Contributed by Sara Zorich, January 31, 2020
2020 has already proven to be a busy year for changes in the Fair Labor Standards Act (FLSA). Below is a summary of the changes thus far:
- New FLSA Salary Threshold (Effective January 1, 2020)
As previously reported, as of January 1, 2020, the FLSA requires employers to pay all salary exempt employees at least $684/week (equivalent to $35,568 per year for a full-year worker).
2. Changes to the FLSA Regulations Regarding the “Regular Rate of Pay” for Purposes of Calculating Overtime (Effective January 15, 2020)
The FLSA generally requires nonexempt employees to receive overtime pay of at least one and one-half times their regular rate of pay for any hours worked in excess of 40 hours per workweek, but what is included in the “regular rate of pay” is not always obvious. Based on years of court and agency precedent, and workplace changes since the regulations were implemented over 50 years ago, the DOL revised the following regulations to clarify and provide examples of whether certain benefits, perks and other miscellaneous payments must be included in the “regular rate of pay” for overtime purposes. Changes were made to the following regulations: 29 CFR §778.202, 203, 205, 207, 211, 212, 215, 217, 218, 219, 220, 221, 222, 223, 224, and 320. See the Department of Labor website for more information
3. Joint Employer Final Rule (Effective March 16, 2020)
The US Department of Labor updated the joint employer test under the FLSA (29 CFR 791.1 – 791.3) to address the changing nature of employment and varying court decisions. The test for joint employment is important because when two entities are found to be joint employers under the FLSA, each is liable for compliance with the provisions of the FLSA. Of note, a joint employer does not have to be a business. A joint employer can be an individual, partnership, association, corporation, business trust, legal representative, public agency, or any organized group of persons, excluding any labor organization (other than when acting as an employer) or anyone acting in the capacity of officer or agent of such a labor organization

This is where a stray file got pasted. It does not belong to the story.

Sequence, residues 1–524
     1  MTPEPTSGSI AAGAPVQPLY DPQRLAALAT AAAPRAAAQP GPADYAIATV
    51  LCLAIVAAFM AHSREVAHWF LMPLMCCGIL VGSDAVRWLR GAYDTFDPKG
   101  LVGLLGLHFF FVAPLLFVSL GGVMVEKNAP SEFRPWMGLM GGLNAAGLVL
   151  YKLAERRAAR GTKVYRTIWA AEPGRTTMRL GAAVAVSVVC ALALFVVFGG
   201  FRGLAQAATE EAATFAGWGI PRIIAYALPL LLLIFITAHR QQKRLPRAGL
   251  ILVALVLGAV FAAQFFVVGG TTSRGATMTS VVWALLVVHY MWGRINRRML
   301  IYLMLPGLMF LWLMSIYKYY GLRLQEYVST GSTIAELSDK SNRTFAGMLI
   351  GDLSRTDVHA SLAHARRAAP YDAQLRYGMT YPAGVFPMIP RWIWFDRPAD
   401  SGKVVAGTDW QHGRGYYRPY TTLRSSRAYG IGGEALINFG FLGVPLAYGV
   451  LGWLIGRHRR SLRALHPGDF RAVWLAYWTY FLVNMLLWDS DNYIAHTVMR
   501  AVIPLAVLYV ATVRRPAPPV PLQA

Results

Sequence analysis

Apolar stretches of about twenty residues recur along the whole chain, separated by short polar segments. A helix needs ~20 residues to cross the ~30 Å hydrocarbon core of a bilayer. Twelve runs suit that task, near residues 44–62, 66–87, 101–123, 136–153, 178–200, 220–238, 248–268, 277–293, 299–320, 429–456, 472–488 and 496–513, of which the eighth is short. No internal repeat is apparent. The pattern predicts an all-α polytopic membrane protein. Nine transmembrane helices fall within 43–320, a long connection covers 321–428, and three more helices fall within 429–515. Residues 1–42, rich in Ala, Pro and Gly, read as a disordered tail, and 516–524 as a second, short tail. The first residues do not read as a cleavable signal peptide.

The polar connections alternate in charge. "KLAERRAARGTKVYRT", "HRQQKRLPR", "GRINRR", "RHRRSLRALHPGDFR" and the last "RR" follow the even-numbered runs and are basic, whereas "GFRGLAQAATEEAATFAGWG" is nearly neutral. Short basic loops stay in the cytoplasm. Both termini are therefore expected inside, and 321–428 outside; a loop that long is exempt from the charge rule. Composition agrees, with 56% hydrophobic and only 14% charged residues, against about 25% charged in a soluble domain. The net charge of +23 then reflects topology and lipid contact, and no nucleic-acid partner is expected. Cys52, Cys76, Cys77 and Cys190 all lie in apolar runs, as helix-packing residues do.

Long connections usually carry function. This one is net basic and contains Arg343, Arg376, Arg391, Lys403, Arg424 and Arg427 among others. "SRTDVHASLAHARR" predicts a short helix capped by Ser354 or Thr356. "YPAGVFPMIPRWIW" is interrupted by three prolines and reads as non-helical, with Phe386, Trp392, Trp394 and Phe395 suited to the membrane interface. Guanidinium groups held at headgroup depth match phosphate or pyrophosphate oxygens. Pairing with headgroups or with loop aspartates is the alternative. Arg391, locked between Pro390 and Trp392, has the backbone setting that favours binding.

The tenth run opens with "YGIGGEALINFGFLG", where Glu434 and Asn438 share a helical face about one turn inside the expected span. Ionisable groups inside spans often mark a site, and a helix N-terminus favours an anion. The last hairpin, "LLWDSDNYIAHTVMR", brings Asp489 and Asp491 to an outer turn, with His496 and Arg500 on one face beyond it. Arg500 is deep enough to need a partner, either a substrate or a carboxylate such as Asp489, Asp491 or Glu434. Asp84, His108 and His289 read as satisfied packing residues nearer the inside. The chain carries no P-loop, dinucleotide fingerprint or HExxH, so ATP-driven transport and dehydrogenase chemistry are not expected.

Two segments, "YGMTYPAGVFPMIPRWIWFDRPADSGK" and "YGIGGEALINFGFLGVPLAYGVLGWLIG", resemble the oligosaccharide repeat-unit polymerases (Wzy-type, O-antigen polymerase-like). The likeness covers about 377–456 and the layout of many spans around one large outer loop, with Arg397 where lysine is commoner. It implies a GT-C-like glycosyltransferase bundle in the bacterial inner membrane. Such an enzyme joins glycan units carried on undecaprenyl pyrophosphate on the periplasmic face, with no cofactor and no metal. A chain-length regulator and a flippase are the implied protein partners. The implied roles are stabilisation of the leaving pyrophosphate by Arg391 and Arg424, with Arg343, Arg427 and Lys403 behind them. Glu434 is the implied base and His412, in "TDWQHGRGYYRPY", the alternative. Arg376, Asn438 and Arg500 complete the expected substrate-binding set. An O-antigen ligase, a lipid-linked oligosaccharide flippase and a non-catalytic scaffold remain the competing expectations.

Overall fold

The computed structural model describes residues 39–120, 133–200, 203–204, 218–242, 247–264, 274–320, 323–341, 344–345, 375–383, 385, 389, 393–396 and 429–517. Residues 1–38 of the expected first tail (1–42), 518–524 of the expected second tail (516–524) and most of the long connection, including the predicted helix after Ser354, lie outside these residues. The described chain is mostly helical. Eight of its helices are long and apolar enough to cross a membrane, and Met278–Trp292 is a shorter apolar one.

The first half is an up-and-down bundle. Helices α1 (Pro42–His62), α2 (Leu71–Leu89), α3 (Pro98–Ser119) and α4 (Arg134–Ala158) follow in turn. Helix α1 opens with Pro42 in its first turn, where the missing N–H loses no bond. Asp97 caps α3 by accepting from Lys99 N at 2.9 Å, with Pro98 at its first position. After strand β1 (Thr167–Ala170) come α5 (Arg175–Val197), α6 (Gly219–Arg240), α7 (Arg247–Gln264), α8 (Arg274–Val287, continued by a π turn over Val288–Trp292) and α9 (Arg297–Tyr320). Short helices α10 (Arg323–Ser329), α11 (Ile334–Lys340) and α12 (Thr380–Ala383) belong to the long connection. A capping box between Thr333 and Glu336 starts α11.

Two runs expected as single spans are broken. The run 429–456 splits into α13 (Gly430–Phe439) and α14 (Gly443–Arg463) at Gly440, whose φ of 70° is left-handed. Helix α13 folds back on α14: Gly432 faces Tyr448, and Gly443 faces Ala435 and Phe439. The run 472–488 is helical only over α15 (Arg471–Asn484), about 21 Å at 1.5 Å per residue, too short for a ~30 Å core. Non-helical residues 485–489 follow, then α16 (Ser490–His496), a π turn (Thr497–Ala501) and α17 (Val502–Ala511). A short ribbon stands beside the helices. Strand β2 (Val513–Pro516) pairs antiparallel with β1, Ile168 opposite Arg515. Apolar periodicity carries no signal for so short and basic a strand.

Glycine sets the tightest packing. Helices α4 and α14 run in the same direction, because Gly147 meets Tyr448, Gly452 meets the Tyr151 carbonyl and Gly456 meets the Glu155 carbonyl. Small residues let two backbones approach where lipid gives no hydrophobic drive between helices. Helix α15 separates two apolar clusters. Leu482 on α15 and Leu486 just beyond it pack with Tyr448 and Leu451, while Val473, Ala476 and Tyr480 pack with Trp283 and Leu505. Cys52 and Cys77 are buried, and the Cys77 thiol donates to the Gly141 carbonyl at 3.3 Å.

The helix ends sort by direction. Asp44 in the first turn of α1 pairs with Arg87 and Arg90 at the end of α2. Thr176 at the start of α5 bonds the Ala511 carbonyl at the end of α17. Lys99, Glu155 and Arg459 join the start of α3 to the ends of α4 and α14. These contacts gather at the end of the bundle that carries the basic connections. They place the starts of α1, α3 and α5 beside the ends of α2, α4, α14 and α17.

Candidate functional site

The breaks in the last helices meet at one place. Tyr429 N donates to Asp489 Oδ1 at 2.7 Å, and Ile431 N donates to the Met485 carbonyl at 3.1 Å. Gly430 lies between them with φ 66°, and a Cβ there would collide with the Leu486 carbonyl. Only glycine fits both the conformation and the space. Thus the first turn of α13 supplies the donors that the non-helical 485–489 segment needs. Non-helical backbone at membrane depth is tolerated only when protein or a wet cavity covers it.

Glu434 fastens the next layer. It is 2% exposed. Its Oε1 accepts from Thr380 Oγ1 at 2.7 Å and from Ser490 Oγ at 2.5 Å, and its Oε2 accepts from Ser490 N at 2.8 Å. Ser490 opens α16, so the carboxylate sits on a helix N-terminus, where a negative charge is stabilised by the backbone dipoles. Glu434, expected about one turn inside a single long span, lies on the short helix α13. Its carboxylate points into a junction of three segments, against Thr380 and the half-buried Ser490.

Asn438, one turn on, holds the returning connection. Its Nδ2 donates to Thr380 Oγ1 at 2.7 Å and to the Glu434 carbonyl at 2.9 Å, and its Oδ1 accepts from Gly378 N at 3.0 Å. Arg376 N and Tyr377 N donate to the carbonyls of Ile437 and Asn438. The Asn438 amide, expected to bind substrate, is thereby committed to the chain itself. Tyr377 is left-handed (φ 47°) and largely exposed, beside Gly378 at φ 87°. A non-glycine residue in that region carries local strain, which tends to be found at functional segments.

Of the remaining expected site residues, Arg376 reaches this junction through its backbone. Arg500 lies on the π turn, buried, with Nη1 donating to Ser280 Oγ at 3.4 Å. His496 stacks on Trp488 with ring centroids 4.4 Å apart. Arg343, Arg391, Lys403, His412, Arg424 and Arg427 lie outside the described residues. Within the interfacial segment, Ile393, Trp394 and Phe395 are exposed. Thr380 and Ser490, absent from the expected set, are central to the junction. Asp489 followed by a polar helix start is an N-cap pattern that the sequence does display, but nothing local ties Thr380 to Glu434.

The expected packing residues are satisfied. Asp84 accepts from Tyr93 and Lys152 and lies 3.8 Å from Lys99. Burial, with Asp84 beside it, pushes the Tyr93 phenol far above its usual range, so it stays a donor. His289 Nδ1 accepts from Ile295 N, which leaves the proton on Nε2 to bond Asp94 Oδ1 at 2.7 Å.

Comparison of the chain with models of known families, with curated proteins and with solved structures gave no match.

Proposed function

The new joint employer rules address two different scenarios:
Scenario 1: Situation where an employee works one set of hours for an employer and another person/entity simultaneously benefits from that work. The other person/entity is a joint employer only if the other person/entity is acting directly or indirectly in the interest of the employer. Joint employment will be determined by applying the following four factors as to whether the other person/entity has direct control (or indirect control) over the employee:
- hires or fires the employee;
- supervises and controls the employee’s work schedules or conditions of employment to a substantial degree;
- determines the employee’s rate and method of payment; and
- maintains the employee’s employment records.
The DOL has indicated that whether an individual or entity is a joint employer will depend on all the factors of a case and appropriate weight will be given to each factor depending on the circumstances. Further, additional factors may be relevant but only if they indicate whether the potential joint employer is exercising significant control over the employee.
Scenario 2: Situation where one employer employs an employee for one set of hours in a workweek, and another employer employs the same employee for a separate set of hours in the same workweek. If the entities are joint employers, then they must combine the hours worked for each entity for purposes of determining if the minimum wage and overtime requirements of the FLSA are met. The joint employer test will generally be met if:
- There is an arrangement between the two entities to share the employee’s services;
- The employer is acting directly or indirectly in the interest of the other employer in relation to the employee; or
- If the entities share control of the employee, directly or indirectly, by reason of the fact that one employer controls, is controlled by, or is under common control with the other employer.
The final rule also provides eleven (11) examples of how the test should be applied.
In light of these changes, employers should review their wage and hour practices for not only compliance with the FLSA but also compliance with state law as many state laws are more onerous than the FLSA.